Mrs. Hamui said, “I think Riad is just having trouble picking up the language. At home he does fine. He seems so intelligent to me.”
“He is intelligent, Mrs. Hamui, but he has a learning disability that is holding him back. We can help him overcome that disability and achieve his full potential. He will also continue to receive services in the LEP class,” the psychologist responded. Mrs. Hamui really did not perceive unusual characteristics at home and did not understand what she was hearing. However she felt pressured and finally agreed to the placement.
Riad made limited progress in the fourth grade in spite of his new placement. The fifth grade, however, proved to be a true success story for Riad . His new resource teacher in his learning disabilities class, Mrs. Evans was in her third year of teaching. She was impressed by the diversity of the students at the school, including a large population of children of Syrian descent.  She became interested in finding out as much as she could about the culture and background of her students in order to develop a relationship with them. She developed an especially close relationship with Riad.
Mrs. Evans worked with Riad in a resource pull-out program for two hours every day. She also went into Riads classroom three times each week for language arts in order to provide him with additional support. Riads proficiency with the oral component of the English language increased as well as his reading skills. The combination of resource room instruction and an inclusive language class was proving to be effective. Riad  had risen from a non-reader to a second-grade level in oral language and reading comprehension. His math skills were even higher.
Mrs. Evans observed firsthand Riads rapid intellectual growth. She noted that when Riad  was introduced to a new word and its definition, he was able to retain that knowledge. She pondered on how a learning-disabled student could do so much so quickly. Although Riad was still a quiet child and hesitant to become involved in detailed English conversations, he was very comfortable when talking socially to his Syrian peers.
Mrs. Evans became concerned about Riads learning disabled diagnosis. She decided to check out his records in the school office. As she read his file, she discovered that the initial testing was done in English and Syrian, but Syrian was used only if Riad indicated that he did not understand what was being said. She thought of the gains Riad had made this year and the trauma he had experienced. “Just how valid were the evaluation procedures for a child so young, so traumatized, and struggling with the language?” she thought to herself. “Should I question the schools evaluation procedures? Im new here and up for tenure this year. I dont want to cause any waves by questioning the judgment and authority of the psychologist and the administration. But, I also dont think a child should be mislabeled.” She continued to ponder the situation as she closed Riads file and handed it back to the secretary.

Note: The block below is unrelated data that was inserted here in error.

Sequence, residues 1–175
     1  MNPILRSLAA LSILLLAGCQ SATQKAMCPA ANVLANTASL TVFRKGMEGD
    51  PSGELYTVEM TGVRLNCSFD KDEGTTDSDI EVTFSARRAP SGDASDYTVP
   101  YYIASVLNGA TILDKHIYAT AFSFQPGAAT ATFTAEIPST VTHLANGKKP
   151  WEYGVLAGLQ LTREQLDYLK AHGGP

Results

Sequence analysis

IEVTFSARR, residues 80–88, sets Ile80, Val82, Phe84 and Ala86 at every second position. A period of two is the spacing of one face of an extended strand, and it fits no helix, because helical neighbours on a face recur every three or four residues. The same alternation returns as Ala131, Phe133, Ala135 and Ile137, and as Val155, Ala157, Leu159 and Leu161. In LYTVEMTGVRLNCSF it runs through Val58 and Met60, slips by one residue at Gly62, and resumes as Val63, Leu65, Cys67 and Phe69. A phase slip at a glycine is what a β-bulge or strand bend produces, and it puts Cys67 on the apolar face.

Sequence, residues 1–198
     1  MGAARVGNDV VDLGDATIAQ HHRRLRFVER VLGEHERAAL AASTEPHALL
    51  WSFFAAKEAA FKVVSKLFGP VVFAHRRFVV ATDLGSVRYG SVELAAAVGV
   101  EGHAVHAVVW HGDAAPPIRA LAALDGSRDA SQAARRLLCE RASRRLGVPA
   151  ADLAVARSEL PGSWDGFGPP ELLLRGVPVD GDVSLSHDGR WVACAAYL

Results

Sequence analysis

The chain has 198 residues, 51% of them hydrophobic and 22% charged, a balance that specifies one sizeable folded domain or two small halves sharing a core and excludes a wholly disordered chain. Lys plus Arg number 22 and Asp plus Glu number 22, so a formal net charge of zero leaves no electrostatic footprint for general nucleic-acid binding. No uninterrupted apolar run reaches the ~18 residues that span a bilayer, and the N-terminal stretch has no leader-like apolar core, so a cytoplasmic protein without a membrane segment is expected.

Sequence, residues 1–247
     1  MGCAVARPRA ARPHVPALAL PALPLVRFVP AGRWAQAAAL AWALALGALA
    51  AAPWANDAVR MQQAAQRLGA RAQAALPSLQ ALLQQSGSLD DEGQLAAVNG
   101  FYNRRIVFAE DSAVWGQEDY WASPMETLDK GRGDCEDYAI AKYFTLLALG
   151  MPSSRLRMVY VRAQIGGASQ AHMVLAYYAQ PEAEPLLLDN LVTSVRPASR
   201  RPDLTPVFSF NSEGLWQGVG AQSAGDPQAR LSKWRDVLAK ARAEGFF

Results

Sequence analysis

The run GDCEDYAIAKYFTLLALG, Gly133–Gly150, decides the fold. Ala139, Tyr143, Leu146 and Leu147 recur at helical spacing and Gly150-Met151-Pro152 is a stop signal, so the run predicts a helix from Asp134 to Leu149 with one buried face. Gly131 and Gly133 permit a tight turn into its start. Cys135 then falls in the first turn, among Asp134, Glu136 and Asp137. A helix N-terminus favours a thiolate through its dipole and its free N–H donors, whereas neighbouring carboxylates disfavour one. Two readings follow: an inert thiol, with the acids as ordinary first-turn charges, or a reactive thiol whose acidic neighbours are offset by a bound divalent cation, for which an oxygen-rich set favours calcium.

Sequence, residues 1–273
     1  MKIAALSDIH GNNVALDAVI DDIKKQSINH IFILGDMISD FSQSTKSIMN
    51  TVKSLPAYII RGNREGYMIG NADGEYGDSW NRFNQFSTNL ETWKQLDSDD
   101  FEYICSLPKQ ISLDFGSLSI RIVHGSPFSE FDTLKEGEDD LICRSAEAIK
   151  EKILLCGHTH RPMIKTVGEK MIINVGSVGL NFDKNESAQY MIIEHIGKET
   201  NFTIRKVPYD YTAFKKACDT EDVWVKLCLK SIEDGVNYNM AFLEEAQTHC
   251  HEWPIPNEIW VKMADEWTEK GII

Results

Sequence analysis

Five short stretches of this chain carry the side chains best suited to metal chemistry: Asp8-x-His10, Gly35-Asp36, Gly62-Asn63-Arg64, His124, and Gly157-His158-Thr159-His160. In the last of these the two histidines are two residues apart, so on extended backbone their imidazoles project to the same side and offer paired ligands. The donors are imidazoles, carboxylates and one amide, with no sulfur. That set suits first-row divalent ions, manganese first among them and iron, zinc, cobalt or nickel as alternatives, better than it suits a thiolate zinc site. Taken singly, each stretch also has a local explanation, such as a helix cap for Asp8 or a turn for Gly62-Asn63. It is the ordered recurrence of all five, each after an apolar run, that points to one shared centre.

Discussion Questions:
1.    If you were Mrs. Evans, how would you approach the situation? Cite special education laws that Mrs. Evans can review to better understand Riads situation.

2.    What teaching strategies might Mrs. Evans have employed to bring about the changes she observed in Riads achievements?

3.    Explain the ways in which Riads testing was biased based on IDEA. Use your text and Internet to cite appropriate special education laws.

4.    What are some possible reasons why Riad scored 2 standard deviations below the mean in reading, written language, and knowledge but in the average range in math? What issues should be further explored that might help the school better understand some of Riads educational challenges and how best to meet his needs. Use your text and Internet to cite appropriate laws.

5.    Was a special education placement appropriate for Riad? Cite specific reasons for your response based on both law and experience. Use your text and Internet to cite appropriate laws.